Education Minister, Michael Gove, believes that educational policy has been in thrall to progressives and who believe that ‘children should be left to discover at their own pace to follow their own hearts’. Gove has a rigid rather than a rigorous approach and that he is opposed to interdisciplinary collaboration and to areas that he conceives of as ‘soft’ knowledge, such as Media Studies.
Gove’s policies for learning are clearly visible in his approach to the teaching of English where he believes that:
‘Our literature is the best in the world… It is every child’s birth right and we should be proud to teach it in every school’ (Speech to Conservative Party Conference, 2010) The New Standards for Qualified Teacher Status, have one clear statement on spoken English and this is the necessity for all teachers to ‘take responsibility for promoting ..the correct use of standard English whatever the teacher’s specialist subject’. This is the government’s response to language across the curriculum, all teachers must promote the ‘correct’ use of standard English!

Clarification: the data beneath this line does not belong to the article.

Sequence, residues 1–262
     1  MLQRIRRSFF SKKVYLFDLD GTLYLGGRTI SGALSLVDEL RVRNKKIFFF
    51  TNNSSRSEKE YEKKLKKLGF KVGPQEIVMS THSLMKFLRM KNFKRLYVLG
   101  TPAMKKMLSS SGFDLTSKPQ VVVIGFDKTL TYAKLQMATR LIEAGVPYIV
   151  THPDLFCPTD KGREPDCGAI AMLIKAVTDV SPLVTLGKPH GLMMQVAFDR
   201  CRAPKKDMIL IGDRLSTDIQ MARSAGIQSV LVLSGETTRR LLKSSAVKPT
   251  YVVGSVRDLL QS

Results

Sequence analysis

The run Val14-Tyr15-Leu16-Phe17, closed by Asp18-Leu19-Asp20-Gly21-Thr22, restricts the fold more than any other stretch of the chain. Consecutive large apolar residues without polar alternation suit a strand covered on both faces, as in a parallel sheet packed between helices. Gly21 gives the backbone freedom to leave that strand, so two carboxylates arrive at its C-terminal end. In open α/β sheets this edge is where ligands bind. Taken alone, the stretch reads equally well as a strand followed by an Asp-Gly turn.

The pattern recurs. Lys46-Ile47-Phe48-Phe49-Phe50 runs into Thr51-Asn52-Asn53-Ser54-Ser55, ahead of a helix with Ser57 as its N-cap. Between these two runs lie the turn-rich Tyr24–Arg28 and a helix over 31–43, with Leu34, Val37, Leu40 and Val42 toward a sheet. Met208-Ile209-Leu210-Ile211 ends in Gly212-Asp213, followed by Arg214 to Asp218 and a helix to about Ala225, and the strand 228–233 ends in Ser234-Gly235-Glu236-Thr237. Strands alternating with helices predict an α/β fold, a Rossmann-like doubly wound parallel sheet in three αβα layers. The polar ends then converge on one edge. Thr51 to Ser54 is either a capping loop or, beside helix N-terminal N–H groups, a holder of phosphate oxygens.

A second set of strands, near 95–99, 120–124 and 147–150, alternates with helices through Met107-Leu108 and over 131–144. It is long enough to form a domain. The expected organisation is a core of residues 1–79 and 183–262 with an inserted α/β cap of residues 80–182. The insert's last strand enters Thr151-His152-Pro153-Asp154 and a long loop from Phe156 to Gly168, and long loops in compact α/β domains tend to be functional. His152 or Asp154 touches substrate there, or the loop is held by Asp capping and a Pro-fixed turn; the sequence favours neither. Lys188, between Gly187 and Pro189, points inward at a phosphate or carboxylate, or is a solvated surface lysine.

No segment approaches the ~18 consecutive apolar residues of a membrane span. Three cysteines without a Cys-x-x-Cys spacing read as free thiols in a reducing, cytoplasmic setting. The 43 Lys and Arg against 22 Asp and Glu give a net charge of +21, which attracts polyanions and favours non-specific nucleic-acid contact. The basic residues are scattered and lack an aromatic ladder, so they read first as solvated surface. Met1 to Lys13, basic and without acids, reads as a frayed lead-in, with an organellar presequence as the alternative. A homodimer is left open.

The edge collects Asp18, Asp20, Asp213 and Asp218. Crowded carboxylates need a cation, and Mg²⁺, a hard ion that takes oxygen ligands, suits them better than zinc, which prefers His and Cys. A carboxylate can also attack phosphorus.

The new programmes of study for English have no separate strand for oracy and the main focus is on reading, writing and spelling and grammar. But the value of formal spoken English is reinforced and ‘there will be an expectation that pupils master formal English through recitation, debate and presentation’. The ‘elocution model’ is therefore reinforced and the talk for learning model set aside.
Many teachers and writers , on the other hand, suggest that Standard English is one form of dialect that pupils should be familiar with but that it is not intrinsically superior to other forms of dialect. Pupils should have opportunities to use standard English where it is the appropriate spoken register when in role as a lawyer, TV presenter for example but it does not have to be imposed in more informal discussions.
Though there are some nuances, the links to the authors of the Black Papers, influential on Thatcherite education policy in the 1980s and who were strong defenders of the English Literary heritage and standard English as a superior dialect are therefore clear